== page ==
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The National Center on Dispute Resolution in Special Education

"Encouraging the use of mediation and other collaborative strategies to resolve disagreements about special
education and early intervention programs."

RAISE Article Details

Title: Knowledge and family involvement in special education: The effects of video-based training on verbal behavior, perceptions of competence, and satisfaction.
Publication Date: 2000
Authors: Myers, D. R.
Source: Doctoral Dissertation, University of Oregon
Abstract: This study investigated the effects of a video-based training program on the quantity and quality of family involvement in special education, perceptions of both family members and educators concerning parental competence as team members, and family members' satisfaction with their own involvement, team processes, and decisions made by the team. Twenty-seven adult family members of elementary grade children referred for special education eligibility in three schools and twenty-seven educational professionals, one per participating family, were the study's subjects. All family members received a packet of materials in preparation for their child's multidisciplinary team meeting, and half the family members also received an 18-minute videotape entitled "Welcome to Your First Team Meeting" and accompanying written study materials. Results indicated that the increased knowledge provided by the videotape effectively increased overall rates of family involvement but did not significantly change quality of involvement. Family participants perceived improvement in their own performance and reported feeling more competent, but these differences in behavior and self-perception apparently were not perceived by educators. (Abstract from ERIC)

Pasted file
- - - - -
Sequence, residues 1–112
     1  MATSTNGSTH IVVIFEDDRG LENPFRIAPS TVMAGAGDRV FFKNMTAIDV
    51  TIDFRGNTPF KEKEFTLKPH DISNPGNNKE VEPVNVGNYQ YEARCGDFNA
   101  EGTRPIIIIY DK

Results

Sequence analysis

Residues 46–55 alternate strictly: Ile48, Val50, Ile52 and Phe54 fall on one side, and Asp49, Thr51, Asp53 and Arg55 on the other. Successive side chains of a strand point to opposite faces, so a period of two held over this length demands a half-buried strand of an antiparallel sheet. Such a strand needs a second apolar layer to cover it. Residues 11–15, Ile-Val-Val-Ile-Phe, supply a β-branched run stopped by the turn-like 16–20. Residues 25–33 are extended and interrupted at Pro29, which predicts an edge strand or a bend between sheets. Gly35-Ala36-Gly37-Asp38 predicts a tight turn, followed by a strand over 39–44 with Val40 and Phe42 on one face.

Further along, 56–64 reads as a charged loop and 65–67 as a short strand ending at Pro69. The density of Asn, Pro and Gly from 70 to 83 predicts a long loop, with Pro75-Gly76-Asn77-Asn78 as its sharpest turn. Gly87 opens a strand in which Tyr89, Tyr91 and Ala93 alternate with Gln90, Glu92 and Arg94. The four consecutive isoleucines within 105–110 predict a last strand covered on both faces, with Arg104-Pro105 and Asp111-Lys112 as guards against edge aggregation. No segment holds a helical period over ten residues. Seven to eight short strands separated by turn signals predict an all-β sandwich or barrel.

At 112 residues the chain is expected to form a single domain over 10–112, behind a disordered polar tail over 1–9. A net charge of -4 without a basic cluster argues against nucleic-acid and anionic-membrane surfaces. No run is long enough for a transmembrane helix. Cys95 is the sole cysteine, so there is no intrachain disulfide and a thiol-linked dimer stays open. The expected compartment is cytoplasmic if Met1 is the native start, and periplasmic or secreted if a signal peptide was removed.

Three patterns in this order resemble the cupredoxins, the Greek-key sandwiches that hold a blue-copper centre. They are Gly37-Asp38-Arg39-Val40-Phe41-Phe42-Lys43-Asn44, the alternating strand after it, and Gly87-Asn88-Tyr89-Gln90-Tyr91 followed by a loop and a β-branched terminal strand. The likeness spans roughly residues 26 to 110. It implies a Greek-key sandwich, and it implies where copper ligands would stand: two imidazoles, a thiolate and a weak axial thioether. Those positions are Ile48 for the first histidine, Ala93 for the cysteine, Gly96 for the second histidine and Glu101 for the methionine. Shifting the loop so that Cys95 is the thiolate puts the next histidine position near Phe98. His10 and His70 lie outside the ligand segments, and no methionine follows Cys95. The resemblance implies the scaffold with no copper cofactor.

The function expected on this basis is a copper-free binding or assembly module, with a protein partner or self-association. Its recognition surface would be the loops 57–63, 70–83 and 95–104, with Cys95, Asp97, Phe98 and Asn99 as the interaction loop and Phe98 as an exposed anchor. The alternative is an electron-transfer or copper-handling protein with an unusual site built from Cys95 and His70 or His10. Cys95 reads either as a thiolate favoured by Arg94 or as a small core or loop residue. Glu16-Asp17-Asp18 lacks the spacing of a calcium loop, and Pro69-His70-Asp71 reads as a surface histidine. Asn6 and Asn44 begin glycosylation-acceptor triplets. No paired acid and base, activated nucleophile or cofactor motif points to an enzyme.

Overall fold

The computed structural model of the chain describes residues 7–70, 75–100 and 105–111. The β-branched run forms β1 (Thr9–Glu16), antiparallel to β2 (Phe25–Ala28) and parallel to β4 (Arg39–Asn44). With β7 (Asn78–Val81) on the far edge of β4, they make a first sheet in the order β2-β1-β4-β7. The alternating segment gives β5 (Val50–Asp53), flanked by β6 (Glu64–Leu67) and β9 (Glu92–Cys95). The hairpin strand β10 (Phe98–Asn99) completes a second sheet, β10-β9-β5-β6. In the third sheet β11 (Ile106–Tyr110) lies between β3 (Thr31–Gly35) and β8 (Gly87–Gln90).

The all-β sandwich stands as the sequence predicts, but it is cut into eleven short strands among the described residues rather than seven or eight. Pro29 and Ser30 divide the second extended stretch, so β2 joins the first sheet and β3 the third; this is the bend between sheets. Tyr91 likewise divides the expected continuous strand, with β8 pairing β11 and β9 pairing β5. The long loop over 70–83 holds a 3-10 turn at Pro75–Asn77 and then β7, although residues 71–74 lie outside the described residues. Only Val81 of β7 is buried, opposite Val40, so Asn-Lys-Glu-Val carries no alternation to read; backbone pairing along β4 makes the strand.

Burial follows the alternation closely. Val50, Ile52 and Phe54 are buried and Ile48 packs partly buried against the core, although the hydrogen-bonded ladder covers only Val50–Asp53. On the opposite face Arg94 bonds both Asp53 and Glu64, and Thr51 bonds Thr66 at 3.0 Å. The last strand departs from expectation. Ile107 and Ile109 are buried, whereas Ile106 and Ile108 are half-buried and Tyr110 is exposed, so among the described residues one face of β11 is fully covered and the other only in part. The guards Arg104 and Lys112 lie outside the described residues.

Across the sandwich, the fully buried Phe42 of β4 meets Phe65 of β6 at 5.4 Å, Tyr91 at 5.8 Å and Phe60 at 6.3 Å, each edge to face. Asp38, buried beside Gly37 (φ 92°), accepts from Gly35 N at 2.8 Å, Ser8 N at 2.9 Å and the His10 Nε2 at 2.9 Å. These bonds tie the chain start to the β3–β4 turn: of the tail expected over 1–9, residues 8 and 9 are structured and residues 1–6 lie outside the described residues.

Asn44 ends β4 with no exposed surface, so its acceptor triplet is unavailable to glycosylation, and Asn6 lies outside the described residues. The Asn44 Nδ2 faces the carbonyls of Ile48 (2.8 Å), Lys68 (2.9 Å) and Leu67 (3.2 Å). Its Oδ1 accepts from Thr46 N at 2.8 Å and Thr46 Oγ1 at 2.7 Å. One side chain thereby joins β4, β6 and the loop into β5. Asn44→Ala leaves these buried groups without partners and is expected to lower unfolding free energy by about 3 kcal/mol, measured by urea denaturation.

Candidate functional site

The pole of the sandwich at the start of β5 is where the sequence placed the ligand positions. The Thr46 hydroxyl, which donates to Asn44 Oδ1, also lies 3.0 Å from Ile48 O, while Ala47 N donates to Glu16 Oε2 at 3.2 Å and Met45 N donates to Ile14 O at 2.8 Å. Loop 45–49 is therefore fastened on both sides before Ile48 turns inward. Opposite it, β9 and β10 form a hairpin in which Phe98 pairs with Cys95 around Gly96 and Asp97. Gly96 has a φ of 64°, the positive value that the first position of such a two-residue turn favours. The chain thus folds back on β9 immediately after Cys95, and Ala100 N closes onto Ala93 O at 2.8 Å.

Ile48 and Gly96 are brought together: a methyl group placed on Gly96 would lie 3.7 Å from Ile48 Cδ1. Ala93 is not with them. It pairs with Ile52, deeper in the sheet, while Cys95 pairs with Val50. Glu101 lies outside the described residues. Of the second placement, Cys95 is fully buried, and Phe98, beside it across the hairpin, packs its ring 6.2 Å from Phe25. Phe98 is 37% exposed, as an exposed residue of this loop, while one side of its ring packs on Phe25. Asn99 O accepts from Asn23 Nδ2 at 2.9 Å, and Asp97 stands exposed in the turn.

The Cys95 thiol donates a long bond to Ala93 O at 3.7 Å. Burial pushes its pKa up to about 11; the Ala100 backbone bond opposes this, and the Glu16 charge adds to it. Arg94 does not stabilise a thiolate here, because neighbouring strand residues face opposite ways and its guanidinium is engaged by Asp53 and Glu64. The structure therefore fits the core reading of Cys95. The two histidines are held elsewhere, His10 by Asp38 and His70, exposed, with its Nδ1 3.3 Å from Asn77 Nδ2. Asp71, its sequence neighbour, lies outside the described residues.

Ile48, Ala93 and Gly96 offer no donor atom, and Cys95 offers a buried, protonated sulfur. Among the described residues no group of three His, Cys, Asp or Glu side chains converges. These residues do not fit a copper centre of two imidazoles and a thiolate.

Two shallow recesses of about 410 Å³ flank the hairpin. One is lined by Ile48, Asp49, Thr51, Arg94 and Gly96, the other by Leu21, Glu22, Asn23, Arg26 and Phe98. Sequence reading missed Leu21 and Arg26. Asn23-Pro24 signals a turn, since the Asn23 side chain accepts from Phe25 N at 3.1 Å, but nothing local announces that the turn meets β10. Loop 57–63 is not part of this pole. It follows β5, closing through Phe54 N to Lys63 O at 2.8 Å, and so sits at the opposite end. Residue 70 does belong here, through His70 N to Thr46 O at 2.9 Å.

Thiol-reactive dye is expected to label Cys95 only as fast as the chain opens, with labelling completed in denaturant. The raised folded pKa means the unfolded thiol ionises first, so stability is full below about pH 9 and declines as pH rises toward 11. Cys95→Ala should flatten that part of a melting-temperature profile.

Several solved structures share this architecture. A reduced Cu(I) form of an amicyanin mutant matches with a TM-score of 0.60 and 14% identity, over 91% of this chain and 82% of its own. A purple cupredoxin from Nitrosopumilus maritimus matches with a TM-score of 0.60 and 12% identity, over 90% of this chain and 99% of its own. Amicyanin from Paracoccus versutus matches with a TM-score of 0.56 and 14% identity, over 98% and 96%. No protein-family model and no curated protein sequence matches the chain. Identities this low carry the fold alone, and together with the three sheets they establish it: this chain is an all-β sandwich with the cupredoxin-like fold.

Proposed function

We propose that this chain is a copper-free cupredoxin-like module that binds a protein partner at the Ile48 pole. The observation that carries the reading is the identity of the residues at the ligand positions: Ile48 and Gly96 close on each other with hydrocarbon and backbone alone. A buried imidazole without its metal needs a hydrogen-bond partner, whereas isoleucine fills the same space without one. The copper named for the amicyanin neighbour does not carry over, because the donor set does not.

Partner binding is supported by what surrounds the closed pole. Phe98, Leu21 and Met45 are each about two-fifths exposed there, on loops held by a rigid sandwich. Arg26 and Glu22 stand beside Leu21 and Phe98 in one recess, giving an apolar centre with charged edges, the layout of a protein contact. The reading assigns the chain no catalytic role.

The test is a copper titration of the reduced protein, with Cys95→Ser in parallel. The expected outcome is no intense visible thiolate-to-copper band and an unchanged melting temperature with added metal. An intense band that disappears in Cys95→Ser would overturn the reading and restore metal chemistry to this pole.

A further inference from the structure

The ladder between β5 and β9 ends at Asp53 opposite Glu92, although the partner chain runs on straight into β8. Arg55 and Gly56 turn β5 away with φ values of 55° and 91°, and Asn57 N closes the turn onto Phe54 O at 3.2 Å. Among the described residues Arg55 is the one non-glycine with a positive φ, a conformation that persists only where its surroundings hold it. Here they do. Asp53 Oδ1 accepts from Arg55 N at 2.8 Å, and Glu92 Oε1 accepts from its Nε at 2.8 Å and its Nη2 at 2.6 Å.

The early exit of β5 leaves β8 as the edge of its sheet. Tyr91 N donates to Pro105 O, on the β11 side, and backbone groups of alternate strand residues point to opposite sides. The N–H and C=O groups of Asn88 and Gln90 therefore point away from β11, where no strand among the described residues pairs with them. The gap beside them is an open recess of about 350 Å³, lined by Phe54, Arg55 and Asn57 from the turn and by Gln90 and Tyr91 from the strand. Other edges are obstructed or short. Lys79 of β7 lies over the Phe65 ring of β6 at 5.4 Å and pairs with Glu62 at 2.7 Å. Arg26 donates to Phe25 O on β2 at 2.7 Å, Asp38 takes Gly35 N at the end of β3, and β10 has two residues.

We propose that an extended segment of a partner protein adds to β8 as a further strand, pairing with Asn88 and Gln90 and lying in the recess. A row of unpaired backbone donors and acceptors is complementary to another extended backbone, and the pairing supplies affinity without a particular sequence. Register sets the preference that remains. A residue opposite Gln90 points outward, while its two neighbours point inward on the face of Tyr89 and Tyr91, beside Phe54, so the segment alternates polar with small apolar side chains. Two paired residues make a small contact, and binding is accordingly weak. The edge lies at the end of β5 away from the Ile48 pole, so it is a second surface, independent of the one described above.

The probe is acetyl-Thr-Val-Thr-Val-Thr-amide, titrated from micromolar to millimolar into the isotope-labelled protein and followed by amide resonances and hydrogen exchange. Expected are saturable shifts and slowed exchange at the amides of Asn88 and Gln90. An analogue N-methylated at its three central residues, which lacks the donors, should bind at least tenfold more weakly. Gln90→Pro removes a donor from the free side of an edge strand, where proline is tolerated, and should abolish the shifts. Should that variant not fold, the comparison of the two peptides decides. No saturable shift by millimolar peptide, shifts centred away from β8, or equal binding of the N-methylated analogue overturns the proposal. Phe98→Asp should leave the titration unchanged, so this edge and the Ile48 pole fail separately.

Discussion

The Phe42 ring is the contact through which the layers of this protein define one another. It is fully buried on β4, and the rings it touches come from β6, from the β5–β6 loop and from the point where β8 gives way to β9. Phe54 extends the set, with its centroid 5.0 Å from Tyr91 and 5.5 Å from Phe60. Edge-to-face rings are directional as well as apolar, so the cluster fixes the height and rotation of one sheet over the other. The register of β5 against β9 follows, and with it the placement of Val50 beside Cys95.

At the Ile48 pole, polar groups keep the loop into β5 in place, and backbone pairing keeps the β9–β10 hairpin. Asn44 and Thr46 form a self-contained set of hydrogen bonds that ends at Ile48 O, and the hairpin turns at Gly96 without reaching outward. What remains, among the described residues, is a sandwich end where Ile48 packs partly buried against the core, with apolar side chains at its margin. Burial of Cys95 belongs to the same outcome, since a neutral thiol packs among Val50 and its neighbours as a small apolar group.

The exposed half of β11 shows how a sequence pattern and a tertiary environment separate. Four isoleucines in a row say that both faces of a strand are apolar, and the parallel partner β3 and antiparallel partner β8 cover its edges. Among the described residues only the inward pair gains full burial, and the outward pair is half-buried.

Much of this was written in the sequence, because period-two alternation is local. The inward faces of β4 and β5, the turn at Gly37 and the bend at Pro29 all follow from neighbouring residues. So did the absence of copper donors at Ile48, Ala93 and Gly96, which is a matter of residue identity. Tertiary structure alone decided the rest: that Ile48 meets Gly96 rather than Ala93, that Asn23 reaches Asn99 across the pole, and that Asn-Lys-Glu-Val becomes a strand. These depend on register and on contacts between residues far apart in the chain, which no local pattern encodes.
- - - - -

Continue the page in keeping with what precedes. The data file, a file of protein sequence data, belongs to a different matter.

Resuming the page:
Categories: Research - Quantitative
IEP/IFSP Facilitation

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